Yes, But How Will You
Work in Retirement?
Written by Payton Collins
"I also know", said Candide, "that we must cultivate our
garden." ~ Candide - Volatire
We have all heard the saying "all work and no play makes Jack a dull
boy". This little proverb is an old battle cry for kids and overworked
adults seeking a bit more fun in their daily schedule. Interestingly,
as little Jack reaches retirement age and has all the time in the world
to play, the opposite can be true;
all play and no work makes Jack a dull old man! It is saddening when we hear the news that Morley Safer, of 60 Minutes,
worked until age 84, then passed away a week after his retirement. Warren
Buffett, one of the world's richest men, gets up and goes to work
everyday. Whether or not we realize it, to most people - work is important!
I have found that work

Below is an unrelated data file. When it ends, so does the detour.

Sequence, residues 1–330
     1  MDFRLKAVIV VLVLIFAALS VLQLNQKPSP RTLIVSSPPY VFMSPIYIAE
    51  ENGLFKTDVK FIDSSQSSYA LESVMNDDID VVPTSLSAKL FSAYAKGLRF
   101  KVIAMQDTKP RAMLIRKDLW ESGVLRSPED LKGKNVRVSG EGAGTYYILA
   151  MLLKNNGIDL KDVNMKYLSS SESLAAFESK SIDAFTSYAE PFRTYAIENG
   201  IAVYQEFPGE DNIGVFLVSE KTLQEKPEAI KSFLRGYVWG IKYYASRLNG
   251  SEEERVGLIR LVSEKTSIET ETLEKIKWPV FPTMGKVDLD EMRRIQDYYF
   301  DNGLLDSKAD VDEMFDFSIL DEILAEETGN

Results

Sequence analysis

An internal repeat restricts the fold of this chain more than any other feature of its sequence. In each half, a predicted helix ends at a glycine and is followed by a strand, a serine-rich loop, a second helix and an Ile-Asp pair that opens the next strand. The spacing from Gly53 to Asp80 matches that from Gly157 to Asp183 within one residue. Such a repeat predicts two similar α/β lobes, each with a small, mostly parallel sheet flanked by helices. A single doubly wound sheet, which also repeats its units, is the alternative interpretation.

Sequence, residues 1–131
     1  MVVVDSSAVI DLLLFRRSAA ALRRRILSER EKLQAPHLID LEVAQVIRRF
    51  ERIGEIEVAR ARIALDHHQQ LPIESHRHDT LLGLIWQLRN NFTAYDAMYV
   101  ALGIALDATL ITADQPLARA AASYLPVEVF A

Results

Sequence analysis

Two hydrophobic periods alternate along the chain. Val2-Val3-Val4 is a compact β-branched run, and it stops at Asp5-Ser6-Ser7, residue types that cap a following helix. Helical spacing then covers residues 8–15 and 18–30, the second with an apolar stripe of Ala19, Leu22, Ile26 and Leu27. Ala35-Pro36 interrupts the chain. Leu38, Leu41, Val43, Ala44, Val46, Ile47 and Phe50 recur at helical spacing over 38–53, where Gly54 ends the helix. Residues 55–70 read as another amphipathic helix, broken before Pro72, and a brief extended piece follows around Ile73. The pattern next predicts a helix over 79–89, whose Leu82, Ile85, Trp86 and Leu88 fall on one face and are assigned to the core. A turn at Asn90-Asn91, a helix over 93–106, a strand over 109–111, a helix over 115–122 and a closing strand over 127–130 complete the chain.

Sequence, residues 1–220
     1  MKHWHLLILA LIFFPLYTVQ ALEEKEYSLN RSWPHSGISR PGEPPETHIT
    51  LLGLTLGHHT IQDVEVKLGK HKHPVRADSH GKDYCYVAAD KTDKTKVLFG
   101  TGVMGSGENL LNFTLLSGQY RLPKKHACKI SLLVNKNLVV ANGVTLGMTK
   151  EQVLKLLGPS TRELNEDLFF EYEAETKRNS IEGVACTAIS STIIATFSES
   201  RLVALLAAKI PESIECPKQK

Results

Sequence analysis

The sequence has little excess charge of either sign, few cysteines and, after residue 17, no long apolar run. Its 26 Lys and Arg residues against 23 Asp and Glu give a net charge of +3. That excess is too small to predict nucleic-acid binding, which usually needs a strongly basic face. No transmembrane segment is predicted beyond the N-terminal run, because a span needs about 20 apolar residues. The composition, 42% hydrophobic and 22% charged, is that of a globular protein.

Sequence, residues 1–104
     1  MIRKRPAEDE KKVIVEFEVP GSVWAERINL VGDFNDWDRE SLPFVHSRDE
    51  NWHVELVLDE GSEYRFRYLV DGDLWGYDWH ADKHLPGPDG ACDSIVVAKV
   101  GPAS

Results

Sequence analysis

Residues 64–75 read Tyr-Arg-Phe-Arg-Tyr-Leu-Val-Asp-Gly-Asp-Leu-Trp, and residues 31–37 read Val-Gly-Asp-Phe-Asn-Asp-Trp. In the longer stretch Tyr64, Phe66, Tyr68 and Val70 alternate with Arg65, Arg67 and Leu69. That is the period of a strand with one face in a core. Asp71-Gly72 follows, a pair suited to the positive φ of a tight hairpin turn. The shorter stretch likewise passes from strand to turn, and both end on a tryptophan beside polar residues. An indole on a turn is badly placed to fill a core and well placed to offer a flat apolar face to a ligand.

flexibility in retirement is the goal of most Americans, more-so than avoiding work
altogether and living a life of leisure. For most of us, staying busy
with some sort of vocation that brings us joy are some of the brightest
hours of each day. Work gives us fulfillment, meaning and significance,
even if it's just household projects, volunteering at a local charity,
or building a tree house for the grandkids.
If you think about it, there are only three ways we can spend our time -
education. We all have our recreational pursuits targeted, and our mind feeds mostly
in that space as we think about our Golden Years. We may even have ideas
for education, like learning a new skill such as baking or carpentry.
But have you thought much about what retirement means for your next
One of the keys to a happy and successful retirement is finding out what
it is that you enjoy doing to fill this need for "work" and
having the financial flexibility to pursue it on your own terms.